Happy 100th anniversary, Ulysses! This week, more or less, marks the centennial of the first publication of its opening chapter in the American journal The Little Review.
The reason for the “more or less” is that The Little Review wasn’t the world’s most prompt publication. The February issue, according to an announcement in the January issue, was published on February 10. Ezra Pound, who was the magazine’s foreign editor, wrote to Joyce on March 29 that the March issue was in print and thirty copies had reached him in London, so mid-month seems a reasonable estimate. (If anyone has a more exact publication date, please let me know!)
Not hedging any bets, the Little Review announced in its January issue, and again in February, that “we are about to publish a prose masterpiece.”
The Egoist also announced the upcoming serialization, but with British reserve rather than American braggadocio.
But The Egoist had to back out because its printer refused to print the issue.
So the Little Review had to go it alone.
The magazine’s editors knew they were taking a risk. As I recently noted, the October 1917 issue had been suppressed after the Postmaster General declared Wyndham Lewis’s story “Cantleman’s Spring-Mate” obscene*—a disappointing and expensive blow.
They knew that publishing Ulysses could get them into even more trouble. But they went ahead anyway.
Who were these people? I wondered.
I knew who Ezra Pound was, of course. He was everywhere in 1918, working himself into a state of exhaustion as the foreign editor of the Little Review and Poetry magazine, an editor at the Egoist, and a contributor to New Age, another modernist journal. He wrote prolifically—sometimes at the expense of coherence**—for these and other publications, and did translation as well. And, oh right, he was a poet. It’s Pound who is best remembered as the creative mind behind The Little Review.
But it was the magazine’s editor, Margaret Anderson, who had the most at stake. She would be responsible for any criminal charges regarding its content while Pound was safe in London.
Like a surprisingly large number of people I’ve come across in my 1918 reading, Anderson was from Indiana***. She grew up in various towns, including Columbus (Indiana, not Ohio), where I lived for a few years as a child, and which is way less boring now than it was in Anderson’s time. The rebellious daughter of wealthy parents, she dropped out of the genteel women’s college where she was being groomed for life as a society matron and moved to Chicago just as the Chicago literary renaissance was getting underway. She worked as a book critic for a Chicago newspaper and literary editor at a religious publication before joining the staff of Dial magazine, where she learned the ropes of magazine publishing.
In 1914, at the age of twenty-seven, Anderson founded The Little Review with financial support from Breeder’s Gazette editor DeWitt Wing, whom she met at a party. (Everyone who wrote about Anderson mentioned her physical attractiveness, which might have played a role in Witt’s impetuous decision.) Money was always tight, though. Accounts of Anderson’s life make much of a six-month period that she and her colleagues spent living in a tent on Lake Michigan after she was forced out of her apartment—although most don’t mention the wooden floors, or the servants.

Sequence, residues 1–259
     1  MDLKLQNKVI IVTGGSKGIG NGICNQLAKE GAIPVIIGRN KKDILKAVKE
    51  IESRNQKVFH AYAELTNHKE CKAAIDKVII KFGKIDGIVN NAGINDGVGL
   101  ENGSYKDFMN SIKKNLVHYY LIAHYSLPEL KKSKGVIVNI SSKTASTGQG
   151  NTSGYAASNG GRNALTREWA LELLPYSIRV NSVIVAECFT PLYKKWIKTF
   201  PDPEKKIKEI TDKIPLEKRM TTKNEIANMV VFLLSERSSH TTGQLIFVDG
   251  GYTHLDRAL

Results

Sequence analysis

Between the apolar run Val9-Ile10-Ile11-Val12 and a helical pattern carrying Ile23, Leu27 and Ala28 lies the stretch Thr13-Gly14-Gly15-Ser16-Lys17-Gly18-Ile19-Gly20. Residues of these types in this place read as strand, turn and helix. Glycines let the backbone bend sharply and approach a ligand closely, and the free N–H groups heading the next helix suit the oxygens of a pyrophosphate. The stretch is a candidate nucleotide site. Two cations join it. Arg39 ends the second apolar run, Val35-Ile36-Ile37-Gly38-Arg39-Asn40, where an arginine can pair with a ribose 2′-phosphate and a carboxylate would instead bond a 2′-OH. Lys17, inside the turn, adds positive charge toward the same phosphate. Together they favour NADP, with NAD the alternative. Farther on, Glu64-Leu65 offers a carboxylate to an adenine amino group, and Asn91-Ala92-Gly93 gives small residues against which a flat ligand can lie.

Anderson’s partner at the magazine, and also in life, was Jane Heap, a former lover of Djuna Barnes. They moved briefly to San Francisco and then relocated to Greenwich Village in 1917. Pound joined the magazine that year. Its table of contents during that period is a Who’s Who of modernism.
Reading the chapter in the Little Review was my own first encounter with Ulysses, and it wasn’t as difficult as I’d been led to believe.**** I had read A Portrait of the Artist of the Young Man, and its main character, Stephen Dedalus, features in the opening section. Stephen and Buck Mulligan, his roommate (towermate, actually—they live in a former military fort), are bickering as they get ready for work. It’s not exactly Bab: A Sub-Deb, but it’s not any more difficult than some of the mannered, faux-archaic novels of the time.
Obscenity-wise, it’s pretty tame stuff, unless the sexual references went over my head, which is quite possible. The most risqué passages I could find were this description of a milk seller:
He watched her pour into the measure and thence into the jug rich white milk, not hers. Old shrunken paps.
and this song sung by Buck Mulligan:
—For old Mary Ann
She doesn’t care a damn
But, hising up her petticoats……
Way tamer than “Cantleman’s Spring-Mate.” The Postmaster General apparently thought so too, and the March issue made it through the mail. The Little Review was safe—for now.
*A recap, in case you missed it: Cantleman, going off to war, sees animals rutting, gets into the spirit, does same with local lass.
**If you can make any sense of his overview of popular magazines in the January 3, 1918 issue of New Age—Part XVIII in a series—you’re a better 1918 reader than I am.
***Other influential Hoosiers: novelist Booth Tarkington, food safety pioneer Harvey Wiley, and folksy poet James Whitcomb Riley, who died in 1916 but was still much written about in the stodgier magazines. Janet Flanner was working as a film critic in Indianapolis but in a few years would step onto the national stage as the Paris correspondent of the New Yorker.
****Of course, I realize that this is like saying after the first mile that running a marathon is a piece of cake.